UAE opens 4 new rapid COVID-19 testing facilities

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Updated 10 August 2020

UAE opens 4 new rapid COVID-19 testing facilities

  • The test centers, which offer the service for $14, use laser technology to provide a result in five minutes
  • COVID-19-negative test result will be required for students and school staff who are set to resume in-person classes in Sharjah

DUBAI: Four new rapid coronavirus testing facilities have been opened in the emirates of Dubai, Fujairah and Ras Al Khaimah, particularly for people who want to enter Abu Dhabi where a negative test result is required, national daily Khaleej Times reported.

The test centers, which offer the service for $14, use laser technology to provide a result in five minutes, but screenings can only be done through appointment.

The Abu Dhabi Health Services Company (Seha) said people who want to get tested in these facilities – four of which are located in the UAE capital – will need to book an appointment through the Seha mobile application.

The laser test could suggest some people to take the traditional PCR screening, authorities said, which they can also avail at the same center.

Abu Dhabi earlier said it was mandatory for people to present a COVID-19-negative test result before entering the emirate. Border checks were put in place to regulate the movement of people.

Meanwhile, the private education authority of Sharjah said a COVID-19-negative test result will be required for students and school staff who are set to resume in-person classes by Aug. 30.

“All students, teachers and staff of all private schools will be tested for Covid-19 (ahead) ... of physically joining the school,” the Sharjah Private Education Authority (SPEA) said in a circular, adding testing could be carried out continuously throughout the new term.

“School principals should be aware of the COVID-19 test schedule, which would impact their operational reopening plan. This might result in teachers, staff and students joining their school in batches,” SPEA added.

The UAE Minister of Education earlier announced a COVID-19 test was mandatory for students and teachers returning to campus.


At least 13 people drown in migrant shipwreck off Libya

Updated 33 min 40 sec ago

At least 13 people drown in migrant shipwreck off Libya

  • The boat had set off from the town of Zliten, east of the Libyan capital of Tripoli
  • The Libyan Coast Guard said that it had ordered the rescue, and that search teams were scouring the area

CAIRO: Over a dozen migrants trying to reach Europe drowned in the Mediterranean Sea when their small dinghy capsized off the coast of Libya, the United Nations reported Friday, the latest shipwreck to underscore the deadly risks facing those who flee the war-afflicted North African country.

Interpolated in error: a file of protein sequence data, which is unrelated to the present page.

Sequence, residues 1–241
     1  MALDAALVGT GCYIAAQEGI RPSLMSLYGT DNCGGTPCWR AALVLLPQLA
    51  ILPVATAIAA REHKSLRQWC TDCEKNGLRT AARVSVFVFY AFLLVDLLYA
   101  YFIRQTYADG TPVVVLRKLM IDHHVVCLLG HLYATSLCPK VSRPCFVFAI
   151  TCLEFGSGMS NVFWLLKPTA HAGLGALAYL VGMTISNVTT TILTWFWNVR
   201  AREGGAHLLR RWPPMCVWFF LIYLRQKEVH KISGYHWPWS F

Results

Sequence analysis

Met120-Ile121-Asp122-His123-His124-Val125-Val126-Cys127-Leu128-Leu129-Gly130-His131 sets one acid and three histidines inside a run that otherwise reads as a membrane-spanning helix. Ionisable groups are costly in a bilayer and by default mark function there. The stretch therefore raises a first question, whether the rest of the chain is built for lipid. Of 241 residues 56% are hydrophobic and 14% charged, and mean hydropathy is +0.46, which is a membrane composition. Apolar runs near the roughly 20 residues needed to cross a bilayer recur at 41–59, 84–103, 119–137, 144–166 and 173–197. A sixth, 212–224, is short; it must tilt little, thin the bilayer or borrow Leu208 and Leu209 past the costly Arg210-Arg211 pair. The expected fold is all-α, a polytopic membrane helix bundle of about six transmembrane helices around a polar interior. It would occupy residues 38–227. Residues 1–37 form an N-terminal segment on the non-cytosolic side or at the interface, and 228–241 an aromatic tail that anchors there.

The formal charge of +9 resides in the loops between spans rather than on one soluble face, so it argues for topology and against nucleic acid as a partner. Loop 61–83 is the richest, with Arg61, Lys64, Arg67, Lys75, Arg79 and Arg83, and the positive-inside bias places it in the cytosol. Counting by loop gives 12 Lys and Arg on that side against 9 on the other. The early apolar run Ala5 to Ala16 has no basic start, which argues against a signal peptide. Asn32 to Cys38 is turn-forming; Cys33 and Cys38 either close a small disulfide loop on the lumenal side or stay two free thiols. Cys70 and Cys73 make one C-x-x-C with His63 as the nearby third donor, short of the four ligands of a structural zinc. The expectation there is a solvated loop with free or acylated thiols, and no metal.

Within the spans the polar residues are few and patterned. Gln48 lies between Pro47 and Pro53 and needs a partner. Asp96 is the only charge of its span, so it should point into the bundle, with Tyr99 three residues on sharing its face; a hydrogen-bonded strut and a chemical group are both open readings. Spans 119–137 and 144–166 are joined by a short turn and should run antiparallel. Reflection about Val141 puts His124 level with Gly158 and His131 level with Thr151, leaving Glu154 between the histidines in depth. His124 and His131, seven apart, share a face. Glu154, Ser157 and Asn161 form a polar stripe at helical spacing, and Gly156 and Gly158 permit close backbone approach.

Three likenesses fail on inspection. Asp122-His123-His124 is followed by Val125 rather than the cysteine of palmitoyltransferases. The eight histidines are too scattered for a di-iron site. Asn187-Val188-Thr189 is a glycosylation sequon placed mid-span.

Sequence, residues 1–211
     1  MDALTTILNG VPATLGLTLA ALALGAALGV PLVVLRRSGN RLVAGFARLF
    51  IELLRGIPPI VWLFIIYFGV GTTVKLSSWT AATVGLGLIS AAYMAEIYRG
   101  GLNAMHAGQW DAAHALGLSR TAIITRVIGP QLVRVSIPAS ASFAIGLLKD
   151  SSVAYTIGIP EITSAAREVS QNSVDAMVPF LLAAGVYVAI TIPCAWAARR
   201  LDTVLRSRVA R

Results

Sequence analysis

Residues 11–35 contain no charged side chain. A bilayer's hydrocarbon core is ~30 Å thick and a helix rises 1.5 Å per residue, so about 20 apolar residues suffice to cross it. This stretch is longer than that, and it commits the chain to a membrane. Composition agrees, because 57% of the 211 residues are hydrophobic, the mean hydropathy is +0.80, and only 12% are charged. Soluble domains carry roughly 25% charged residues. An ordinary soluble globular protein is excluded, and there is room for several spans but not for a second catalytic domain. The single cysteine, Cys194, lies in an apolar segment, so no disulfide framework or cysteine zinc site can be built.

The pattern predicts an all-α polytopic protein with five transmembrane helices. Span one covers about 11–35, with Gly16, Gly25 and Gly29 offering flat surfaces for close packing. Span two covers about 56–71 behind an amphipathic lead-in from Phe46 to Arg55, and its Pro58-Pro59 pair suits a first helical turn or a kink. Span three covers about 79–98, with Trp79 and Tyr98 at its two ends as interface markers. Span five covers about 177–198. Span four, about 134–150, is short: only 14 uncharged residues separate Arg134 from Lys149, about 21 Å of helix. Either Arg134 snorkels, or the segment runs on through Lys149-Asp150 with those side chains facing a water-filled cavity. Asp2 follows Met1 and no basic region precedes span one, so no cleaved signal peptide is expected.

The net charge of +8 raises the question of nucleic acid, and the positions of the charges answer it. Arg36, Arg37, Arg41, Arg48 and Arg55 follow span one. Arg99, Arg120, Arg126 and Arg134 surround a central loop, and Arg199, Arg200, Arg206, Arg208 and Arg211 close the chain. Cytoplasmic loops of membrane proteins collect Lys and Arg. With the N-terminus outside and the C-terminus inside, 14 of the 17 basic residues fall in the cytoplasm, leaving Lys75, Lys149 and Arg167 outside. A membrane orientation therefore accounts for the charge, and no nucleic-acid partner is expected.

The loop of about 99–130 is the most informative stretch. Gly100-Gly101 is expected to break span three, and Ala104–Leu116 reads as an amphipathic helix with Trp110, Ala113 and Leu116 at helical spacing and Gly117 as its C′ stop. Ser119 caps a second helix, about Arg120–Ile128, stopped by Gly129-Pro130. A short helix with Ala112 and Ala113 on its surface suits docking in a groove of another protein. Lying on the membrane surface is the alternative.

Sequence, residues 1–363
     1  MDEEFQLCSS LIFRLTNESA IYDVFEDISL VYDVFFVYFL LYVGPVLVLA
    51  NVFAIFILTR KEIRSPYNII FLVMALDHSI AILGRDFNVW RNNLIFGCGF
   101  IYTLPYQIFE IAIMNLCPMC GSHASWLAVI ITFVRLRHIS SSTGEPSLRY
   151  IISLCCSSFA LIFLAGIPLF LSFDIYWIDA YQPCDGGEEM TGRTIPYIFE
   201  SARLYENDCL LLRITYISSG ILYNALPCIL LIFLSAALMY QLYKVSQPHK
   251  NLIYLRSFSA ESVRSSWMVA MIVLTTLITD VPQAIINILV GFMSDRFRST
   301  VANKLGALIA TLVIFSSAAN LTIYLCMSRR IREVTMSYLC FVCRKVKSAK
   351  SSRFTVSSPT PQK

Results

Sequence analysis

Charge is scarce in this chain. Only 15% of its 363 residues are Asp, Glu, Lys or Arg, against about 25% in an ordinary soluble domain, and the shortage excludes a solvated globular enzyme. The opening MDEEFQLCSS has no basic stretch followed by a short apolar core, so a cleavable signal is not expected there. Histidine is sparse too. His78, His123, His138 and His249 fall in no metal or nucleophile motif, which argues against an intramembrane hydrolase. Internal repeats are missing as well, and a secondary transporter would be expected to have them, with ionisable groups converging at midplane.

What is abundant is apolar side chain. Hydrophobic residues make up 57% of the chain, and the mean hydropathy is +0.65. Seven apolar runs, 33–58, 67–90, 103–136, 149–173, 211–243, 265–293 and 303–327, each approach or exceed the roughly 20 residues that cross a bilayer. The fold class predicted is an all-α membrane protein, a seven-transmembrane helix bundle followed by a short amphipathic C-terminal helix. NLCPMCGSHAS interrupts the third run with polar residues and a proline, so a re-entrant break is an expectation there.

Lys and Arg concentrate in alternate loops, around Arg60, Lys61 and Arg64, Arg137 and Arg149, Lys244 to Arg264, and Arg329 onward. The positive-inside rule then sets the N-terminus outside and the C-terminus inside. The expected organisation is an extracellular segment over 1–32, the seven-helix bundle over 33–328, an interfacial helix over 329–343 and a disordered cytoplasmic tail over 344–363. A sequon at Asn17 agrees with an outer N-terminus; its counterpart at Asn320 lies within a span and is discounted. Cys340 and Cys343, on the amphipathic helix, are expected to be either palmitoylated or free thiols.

Libyan fishermen spotted the sinking boat late Thursday, said the International Organization for Migration, and managed to pull 22 people from the water, including those from Egypt, Bangladesh, Syria, Somalia and Ghana.
But at least 13 of the other passengers were missing and presumed drowned. Three dead bodies were found floating in the water, including one Syrian man and woman. The boat had set off from the town of Zliten, east of the Libyan capital of Tripoli, late on Wednesday.
The Libyan Coast Guard said that it had ordered the rescue, and that search teams were scouring the area for more victims.
“So many boats are leaving these days, but autumn is a very difficult season,” said Commodore Masoud Abdal Samad. “When it gets windy, it’s deadly. It changes in an instant.”
Following the 2011 uprising that ousted and killed longtime dictator Muammar Qaddafi, Libya has emerged as the dominant transit point for migrants hoping to get to Europe from Africa and the Middle East. Smugglers often pack desperate families into ill-equipped rubber boats that stall and founder along the perilous Central Mediterranean route. At least 20,000 people have died in those waters since 2014, according to the UN
Those who survived Friday’s disaster were taken to the Tripoli port, where they received medical care for their burns, a common consequence of leaked engine fuel mixing with saltwater, said Safa Msehli, an IOM spokeswoman.
Libyan authorities shepherded the survivors to the Zliten detention center, run by the Tripoli-based government’s Interior Ministry. Migrants rescued at sea and returned to Libya routinely land in detention centers notorious for torture, extortion and abuse. Amnesty International revealed in a report Thursday that thousands of migrants have been forcibly disappeared from unofficial militia-run detention centers.
The shipwreck, the second to be recorded by the UN in as many weeks, “signals the need now more than ever for state-led search and rescue capacity to be redeployed and the need to support NGO vessels operating in a vacuum,” said Msehli.
Since 2017, European countries, particularly Italy, have delegated most search-and-rescue responsibility to the Libyan Coast Guard, which intercepts migrant boats before they can reach European waters. Activists have lamented that European authorities are increasingly blocking the work of nongovernmental rescue organizations that patrol the Mediterranean and seek to disembark at European ports.